Regional Consultation for the UN Study on Violence Against Children
. 5 - 7 July 2005 Ljubljana, Slovenia  
Europe and Central Asia






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UNICEF Feature Story

Cell #106: Bringing justice to institutionalized youth
Update on youth participation and issues at the Regional Consultation on Violence against Children in Europe and central Asia
by C. Schuepp

Milka from Serbia and Katarina from Slovenia, both only 16 years old, are sharing a cell. But they can come and go whenever they want. They are not inmates of cell #106 – they are simply staying in the Celica Youth Hostel in Ljubljana. The girls are part of the youth preparation meeting of the regional consultation on Violence Against Children in Europe & Central Asia, taking place in the Slovenian capital this week.

The Celica (“cell”) used to be a military which has now been converted into a stylish youth hostel. Two years ago, artists turned the cells into dormitories and every room now has a unique look.

Staying in a former prison gives the young people a glimpse of what it means for other youngsters to be behind bars. Katarina says she actually enjoys the hostel, but quickly adds: “You know, it’s no problem for a week. But I could never imagine spending three years or so in here. It’s eight square meters in total and with the bars in front of the window and the door, it’s not a good feeling, I can tell you…”

Asked what she knows about children and teenagers in prison in Slovenia, Katarina adds: “I think their situation is ok. But then… I don’t really know much about this topic. You don’t hear much about it in the media. Therefore, I only assume – and hope – that they are doing fine.”

In fact, violence is still a major issue in prisons throughout Europe and Central Asia and young people are often victims of prison violence. However, the lack of data makes it difficult to assess the extent to which children face institutional violence, but increasing evidence of abuse and reports by child-care organizations are raising concerns that children – doubly vulnerable because they are alone in a strange environment – are clearly at great risk.

Some of the factors that contribute to their increased vulnerability include the fact that young people are often kept in custody with adults - according to the German National Coalition for the Implementation of the UN Convention on the Rights of the Child, there is evidence of threat, blackmail and even rape. The Council of Europe’s Anti-Torture Committee noted that custodial staff have been seen punching, kicking or hitting young people with batons in Croatia. There is also evidence of police officers abusing children and young people in police custody in Albania, France, Georgia, Romania, Switzerland, Ukraine and Uzbekistan.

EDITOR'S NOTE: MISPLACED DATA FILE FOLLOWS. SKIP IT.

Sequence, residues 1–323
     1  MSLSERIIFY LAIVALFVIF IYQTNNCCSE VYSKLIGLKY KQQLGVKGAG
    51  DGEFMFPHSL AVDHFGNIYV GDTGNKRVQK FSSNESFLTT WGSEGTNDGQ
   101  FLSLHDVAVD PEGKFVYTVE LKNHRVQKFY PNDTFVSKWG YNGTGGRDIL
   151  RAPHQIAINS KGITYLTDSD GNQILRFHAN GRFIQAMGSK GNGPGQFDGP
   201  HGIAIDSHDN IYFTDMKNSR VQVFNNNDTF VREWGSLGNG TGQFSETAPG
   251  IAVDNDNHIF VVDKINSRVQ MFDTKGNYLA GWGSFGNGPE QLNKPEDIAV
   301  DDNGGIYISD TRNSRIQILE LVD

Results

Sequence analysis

This all takes place despite the fact that the UN Convention on the Rights of the Child puts governments firmly in charge of protecting children in care and bans the arbitrary imprisonment of children. It also stipulates that children should be treated sensitively and separated from adults in custody. Additionally, the Council of Europe’s Committee of Ministers has adopted a recommendation setting out children’s rights in residential institutions, including the right to a non-violent upbringing while the Council of Europe’s Anti-Torture Committee (Committee for the Prevention of Torture and Inhuman or Degrading Treatment or Punishment) has a mandate to inspect places where young people are detained.

Fortunately, more states are recognizing the problems and undertaking or allowing investigations into conditions and concerns about violence in residential facilities of all kinds. Furthermore, to change the current situation, the participants of the regional consultation for Violence in Europe & Central Asia are coming forward with a number of suggestions. These include a ban on corporal punishment and humiliating treatment in institutions worldwide, ensuring that children are in a position to express concerns or complaints about their treatment without fear of retribution and the development of non-residential alternatives to care and correction placements.

Once these recommendations are made later this week in the Slovenian capital, Katarina and Milka will leave cell #106 at the Celica – because until then, they have a part to play in helping to stop the unjust and inhumane treatment of young people in prison today and in the future...only then will these two teens pack their bags and go back home.